Typically, whenever your system is activated by a broken seal or unexpected movement, it sends a signal to a central monitoring station -- usually via your phone line. The monitoring station generally will call your home or workplace to verify it's not a false alarm. If they can't reach you, or the person who answers gives the wrong password, they may then contact the proper authorities (police, fire or medical services) to investigate.

Depending on how much you're willing to spend, there's a broad array of security equipment available, including:
  • Central control unit with backup battery, keypad and siren. (Some systems send a silent alarm to the monitoring station, which contacts the police.)
  • Motion detectors, which sense changes in a room caused by human presence. Special detectors are also available for people with pets, to avoid false alarms.
  • Magnetic door and window contacts, which, when the alarm system is activated, form a circuit that breaks when the door or window is opened, sounding the alarm.
  • Detectors for smoke, fire, carbon monoxide and/or broken glass.
  • Panic buttons (hand-held or mounted in strategic locations).
  • Pressure mats placed under rugs to detect footsteps.
  • Closed-circuit TV system to allow monitoring and/or recording inside or outside your home.
  • Temperature gauges to detect if your furnace is broken and the pipes are about to freeze.
  • Water detectors to detect basement leaks.

Most homeowners and renters insurance policies provide a discount for installing an alarm system -- generally between 2 and 20 percent, depending on which equipment you've installed. We got a 5 percent discount for installing sensors on two doors and eight windows, along with two motion detectors.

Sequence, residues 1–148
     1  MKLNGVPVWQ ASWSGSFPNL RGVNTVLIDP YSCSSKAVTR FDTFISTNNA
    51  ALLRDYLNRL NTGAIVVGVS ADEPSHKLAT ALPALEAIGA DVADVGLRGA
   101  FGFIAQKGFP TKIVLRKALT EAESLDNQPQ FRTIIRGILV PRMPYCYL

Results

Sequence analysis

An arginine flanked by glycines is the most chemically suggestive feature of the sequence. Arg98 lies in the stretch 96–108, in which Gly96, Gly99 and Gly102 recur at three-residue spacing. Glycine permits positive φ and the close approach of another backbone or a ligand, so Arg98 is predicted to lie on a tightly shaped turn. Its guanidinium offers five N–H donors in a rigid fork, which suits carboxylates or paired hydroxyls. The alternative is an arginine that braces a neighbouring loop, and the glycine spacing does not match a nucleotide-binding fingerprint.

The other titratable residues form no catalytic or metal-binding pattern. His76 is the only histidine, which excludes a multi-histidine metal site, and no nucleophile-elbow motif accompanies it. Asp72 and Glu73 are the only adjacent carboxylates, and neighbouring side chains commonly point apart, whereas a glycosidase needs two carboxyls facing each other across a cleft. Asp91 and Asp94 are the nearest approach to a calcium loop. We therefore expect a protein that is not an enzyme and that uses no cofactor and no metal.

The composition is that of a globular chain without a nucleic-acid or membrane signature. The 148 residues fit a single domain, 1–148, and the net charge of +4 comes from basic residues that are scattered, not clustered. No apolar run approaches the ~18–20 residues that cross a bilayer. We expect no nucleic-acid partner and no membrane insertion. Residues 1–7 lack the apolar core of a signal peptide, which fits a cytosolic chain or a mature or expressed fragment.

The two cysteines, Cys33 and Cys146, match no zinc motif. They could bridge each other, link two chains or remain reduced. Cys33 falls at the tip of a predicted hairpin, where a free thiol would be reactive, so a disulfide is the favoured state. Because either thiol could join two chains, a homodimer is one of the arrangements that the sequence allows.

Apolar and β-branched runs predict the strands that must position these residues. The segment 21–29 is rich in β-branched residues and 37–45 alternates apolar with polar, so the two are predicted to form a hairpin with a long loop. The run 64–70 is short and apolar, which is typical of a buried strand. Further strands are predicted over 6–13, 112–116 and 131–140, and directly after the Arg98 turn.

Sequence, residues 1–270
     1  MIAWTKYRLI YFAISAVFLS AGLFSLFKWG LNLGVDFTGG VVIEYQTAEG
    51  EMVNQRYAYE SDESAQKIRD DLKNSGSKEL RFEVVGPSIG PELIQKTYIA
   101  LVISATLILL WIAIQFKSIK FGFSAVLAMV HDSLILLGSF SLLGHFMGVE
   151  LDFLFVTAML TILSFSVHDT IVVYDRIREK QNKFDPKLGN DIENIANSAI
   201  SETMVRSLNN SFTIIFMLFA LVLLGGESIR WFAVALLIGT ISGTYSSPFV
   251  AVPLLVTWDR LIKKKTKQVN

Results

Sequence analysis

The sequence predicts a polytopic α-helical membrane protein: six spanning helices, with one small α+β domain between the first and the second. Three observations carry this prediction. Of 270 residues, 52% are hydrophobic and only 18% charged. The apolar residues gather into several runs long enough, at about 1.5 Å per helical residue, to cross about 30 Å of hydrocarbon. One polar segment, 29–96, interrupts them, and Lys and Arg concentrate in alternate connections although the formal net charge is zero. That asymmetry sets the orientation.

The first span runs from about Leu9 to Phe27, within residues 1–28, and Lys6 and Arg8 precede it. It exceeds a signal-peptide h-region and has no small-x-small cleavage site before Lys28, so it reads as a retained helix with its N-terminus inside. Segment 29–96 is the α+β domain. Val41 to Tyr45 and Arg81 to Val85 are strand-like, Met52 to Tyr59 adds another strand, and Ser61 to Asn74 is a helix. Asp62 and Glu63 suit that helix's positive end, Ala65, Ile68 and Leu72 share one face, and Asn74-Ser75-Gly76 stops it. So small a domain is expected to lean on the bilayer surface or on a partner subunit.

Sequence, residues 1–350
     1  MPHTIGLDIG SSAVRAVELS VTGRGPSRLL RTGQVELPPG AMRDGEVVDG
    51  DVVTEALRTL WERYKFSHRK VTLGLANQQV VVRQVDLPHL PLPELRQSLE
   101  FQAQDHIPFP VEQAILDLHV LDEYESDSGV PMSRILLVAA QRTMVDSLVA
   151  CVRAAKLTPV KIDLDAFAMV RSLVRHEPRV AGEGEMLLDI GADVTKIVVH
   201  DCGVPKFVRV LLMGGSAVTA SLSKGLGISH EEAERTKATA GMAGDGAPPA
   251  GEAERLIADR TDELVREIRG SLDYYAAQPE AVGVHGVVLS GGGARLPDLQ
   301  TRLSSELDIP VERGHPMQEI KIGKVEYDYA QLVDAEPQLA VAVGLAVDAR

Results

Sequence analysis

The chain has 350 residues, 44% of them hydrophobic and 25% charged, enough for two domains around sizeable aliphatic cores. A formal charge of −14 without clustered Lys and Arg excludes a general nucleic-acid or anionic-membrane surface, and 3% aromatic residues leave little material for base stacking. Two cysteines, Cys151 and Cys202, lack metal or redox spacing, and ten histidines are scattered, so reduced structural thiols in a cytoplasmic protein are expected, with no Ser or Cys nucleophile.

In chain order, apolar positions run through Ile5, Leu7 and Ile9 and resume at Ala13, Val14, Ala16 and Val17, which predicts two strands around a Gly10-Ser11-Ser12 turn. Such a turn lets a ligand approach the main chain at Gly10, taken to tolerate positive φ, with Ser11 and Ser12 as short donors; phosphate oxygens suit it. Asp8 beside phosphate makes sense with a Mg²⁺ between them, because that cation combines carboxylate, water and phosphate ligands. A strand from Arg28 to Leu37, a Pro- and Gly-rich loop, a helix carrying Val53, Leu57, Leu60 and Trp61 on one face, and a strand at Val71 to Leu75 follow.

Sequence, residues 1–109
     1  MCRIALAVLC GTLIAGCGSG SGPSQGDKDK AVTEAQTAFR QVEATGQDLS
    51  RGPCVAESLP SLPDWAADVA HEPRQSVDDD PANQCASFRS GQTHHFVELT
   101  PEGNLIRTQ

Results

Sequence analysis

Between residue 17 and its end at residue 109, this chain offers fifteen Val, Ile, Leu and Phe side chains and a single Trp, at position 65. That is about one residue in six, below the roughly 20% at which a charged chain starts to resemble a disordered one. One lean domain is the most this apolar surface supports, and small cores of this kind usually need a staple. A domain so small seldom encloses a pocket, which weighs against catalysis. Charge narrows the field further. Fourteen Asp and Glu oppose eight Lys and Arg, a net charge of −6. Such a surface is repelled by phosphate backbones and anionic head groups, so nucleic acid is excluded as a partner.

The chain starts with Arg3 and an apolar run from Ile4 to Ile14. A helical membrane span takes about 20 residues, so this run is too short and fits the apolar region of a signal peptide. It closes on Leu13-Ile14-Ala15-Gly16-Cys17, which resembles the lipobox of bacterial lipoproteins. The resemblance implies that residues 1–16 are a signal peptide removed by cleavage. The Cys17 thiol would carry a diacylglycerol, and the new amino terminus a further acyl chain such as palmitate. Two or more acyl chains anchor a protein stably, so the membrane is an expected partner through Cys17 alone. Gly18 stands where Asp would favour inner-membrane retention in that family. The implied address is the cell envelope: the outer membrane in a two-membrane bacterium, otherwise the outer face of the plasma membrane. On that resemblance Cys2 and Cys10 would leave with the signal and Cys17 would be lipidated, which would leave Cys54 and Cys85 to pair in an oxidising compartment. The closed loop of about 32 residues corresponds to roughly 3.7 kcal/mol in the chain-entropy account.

As with any major purchase, it pays to shop around. I asked friends for recommendations and did a lot of online research, although I couldn't get accurate pricing information without speaking to sales representatives. Don't fall for high-pressure sales techniques or scare tactics. Once you've identified a few good candidates, check for customer complaints with the Better Business Bureau, Angie's List or other trusted reviewers. The Federal Trade Commission provides tips for choosing a home security system and identifying common scams.

If you can't afford an alarm system, there are many relatively inexpensive steps you can take, such as installing good-quality door deadbolts and window locks, using light timers when away, adding outdoor motion-sensor lighting and installing inside-release safety bars on ground-floor windows.

And don't forget common-sense safety habits like always locking doors, whether at home or away, placing delivery holds on mail and newspapers when on vacation, and never publishing your travel itinerary on social media sites -- and make sure your kids don't either.

This article is intended to provide general information and should not be considered legal, tax or financial advice. It's always a good idea to consult a legal, tax or financial advisor for specific information on how certain laws apply to you and about your individual financial situation.